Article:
Exclusions and deductions from income are a matter of legislative grace and are narrowly construed. INDOPCO, Inc. v. Commissioner [92-1 USTC ╤ 50,113], 503 U.S. 79, 84 (1992); New Colonial Ice Co. v. Helvering [4 USTC ╤ 1292], 292 U.S. 435, 440 (1934). Consequently, the taxpayer has the burden to show that an exclusion or deduction is allowable. Interstate Transit Lines v. Commissioner [43-1 USTC ╤ 9486], 319 U.S. 590, 593 (1943).
We conclude that petitioner's tax home was Jackson, Mississippi, rather than Oxford, Mississippi. See Montgomery v. Commissioner, supra; Thoma v. Commissioner [Dec. 40,530(M)], T.C. Memo. 1983-623. In a typical week, petitioner spent 4 days in Jackson and 3 days in Oxford. While he was in Jackson, all 4 days were committed to petitioner's work as a Justice on the Mississippi Supreme Court. While in Oxford, only 1 day, Friday, was committed to petitioner's work as an adjunct professor at the law school. Further, petitioner earned $75,000 per year from his work as a Justice, as opposed to $15,000 per year from his work as a professor.
Petitioner asserts that as a practical matter his work on the Mississippi Supreme Court required him to be present in Jackson only 2 days out of every week ≈ for panel day and en banc day. He also asserts that he did much of his substantive work as a Justice, namely research and opinion drafting, while in Oxford, and particularly at the law school library. Accepting petitioner's assertions, nonetheless the fact remains that petitioner spent 4 days in Jackson every week. Further, petitioner's Mississippi Supreme Court office and staff were in Jackson, not Oxford, even though petitioner could have apparently maintained both in Oxford at his own expense if he had so chosen. Ultimately, we are bound by what actually occurred, not what might have happened. Don E. Williams Co. v. Commissioner [77-1 USTC ╤ 9221], 429 U.S. 569, 579-580 (1977); Commissioner v. National Alfalfa Dehydrating & Milling Co. [74-1 USTC ╤ 9456], 417 U.S. 134, 148-149 (1974).
Because we find that petitioner's tax home for purposes of section 162 was Jackson and not Oxford, except as set forth below petitioner may not deduct the travel expenses (including transportation, meals, and lodging) incurred for traveling between his residence in Oxford and his principal place of business in Jackson. In general, these expenses are considered nondeductible, personal commuting expenses under section 262. See Fausner v. Commissioner [73-2 USTC ╤ 9515], 413 U.S. 838 (1973); Commissioner v. Flowers [46-1 USTC ╤ 9127], 326 U.S. 465 (1946). However, the transportation costs that petitioner incurred in traveling from Jackson where he served as a Mississippi Supreme Court Justice to Oxford on days in which petitioner taught classes at the law school are deductible as ordinary and necessary business expenses, as respondent concedes. See Steinhort v. Commissioner [64-2 USTC ╤ 9701], 335 F.2d 496, 504 (5th Cir. 1964), affg. [Dec. 25,690(M)] T.C. Memo. 1962-233; Kistler v. Commissioner [Dec. 26,195], 40 T.C. 657, 665 (1963); Heuer v. Commissioner [Dec. 23,696], 32 T.C. 947, 951-952 (1959), affd. [61-1 USTC ╤ 9123] 283 F.2d 865 (5th Cir. 1960).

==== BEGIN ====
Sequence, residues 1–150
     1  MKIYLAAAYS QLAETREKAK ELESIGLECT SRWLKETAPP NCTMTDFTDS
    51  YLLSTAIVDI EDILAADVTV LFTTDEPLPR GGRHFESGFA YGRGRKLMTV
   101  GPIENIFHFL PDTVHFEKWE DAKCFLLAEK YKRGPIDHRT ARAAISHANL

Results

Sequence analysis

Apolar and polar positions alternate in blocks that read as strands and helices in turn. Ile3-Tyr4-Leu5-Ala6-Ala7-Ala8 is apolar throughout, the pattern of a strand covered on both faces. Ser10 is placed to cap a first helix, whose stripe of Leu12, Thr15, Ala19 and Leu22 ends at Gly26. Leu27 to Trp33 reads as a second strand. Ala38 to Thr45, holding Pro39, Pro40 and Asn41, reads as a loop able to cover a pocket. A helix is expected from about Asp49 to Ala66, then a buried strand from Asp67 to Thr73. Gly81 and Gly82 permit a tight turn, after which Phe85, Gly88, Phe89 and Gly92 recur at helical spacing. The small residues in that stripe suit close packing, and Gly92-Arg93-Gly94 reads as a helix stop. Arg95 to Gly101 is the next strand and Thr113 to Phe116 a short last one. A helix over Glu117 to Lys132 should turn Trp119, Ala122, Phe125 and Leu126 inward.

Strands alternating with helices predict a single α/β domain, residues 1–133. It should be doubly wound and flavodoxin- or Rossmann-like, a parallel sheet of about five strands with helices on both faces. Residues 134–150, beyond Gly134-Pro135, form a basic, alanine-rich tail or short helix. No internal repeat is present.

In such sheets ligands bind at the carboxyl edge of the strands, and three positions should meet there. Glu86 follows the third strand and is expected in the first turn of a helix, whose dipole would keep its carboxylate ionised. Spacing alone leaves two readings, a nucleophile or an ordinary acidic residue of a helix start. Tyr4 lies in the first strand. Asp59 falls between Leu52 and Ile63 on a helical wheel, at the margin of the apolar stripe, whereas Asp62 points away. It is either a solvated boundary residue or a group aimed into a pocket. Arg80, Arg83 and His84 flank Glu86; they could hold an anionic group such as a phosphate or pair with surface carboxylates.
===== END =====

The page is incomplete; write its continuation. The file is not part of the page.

The U.S. Court of Appeals for the Fifth Circuit, to which an appeal of this case would lie, has addressed the deductibility of commuting expenses between dual residences and provided an exception to the general rule denying deductibility of these expenses. 1 In United States v. Le Blanc [60-1 USTC ╤ 9472], 278 F.2d 571 (5th Cir. 1960), the Court of Appeals held that where a Louisiana Supreme Court Justice (Justice Le Blanc) was required by the State constitution to maintain his district residence during his term in office, he was allowed to deduct the rental expenses of an apartment in New Orleans during his attendance on the court in the latter city. Justice Le Blanc's district residence was approximately 75 miles from New Orleans, and after his work on the court was completed each week, he returned to his home district for the weekend. Id. at 573. The State constitution required the Justices to maintain residency in their district for the 2 years prior to election and provided for the immediate vacating of the office where the Justice changed his residence from the district to which he was elected. Id. at 575.